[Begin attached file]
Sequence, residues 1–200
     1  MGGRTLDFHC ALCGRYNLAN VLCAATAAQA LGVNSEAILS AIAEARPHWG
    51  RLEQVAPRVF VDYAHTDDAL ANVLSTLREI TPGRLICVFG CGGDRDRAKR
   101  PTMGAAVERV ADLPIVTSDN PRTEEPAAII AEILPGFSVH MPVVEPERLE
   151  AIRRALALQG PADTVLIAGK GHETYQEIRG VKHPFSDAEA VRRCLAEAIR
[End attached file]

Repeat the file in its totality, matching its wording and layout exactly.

Sequence, residues 1–200
     1  MGGRTLDFHC ALCGRYNLAN VLCAATAAQA LGVNSEAILS AIAEARPHWG
    51  RLEQVAPRVF VDYAHTDDAL ANVLSTLREI TPGRLICVFG CGGDRDRAKR
   101  PTMGAAVERV ADLPIVTSDN PRTEEPAAII AEILPGFSVH MPVVEPERLE
   151  AIRRALALQG PADTVLIAGK GHETYQEIRG VKHPFSDAEA VRRCLAEAIR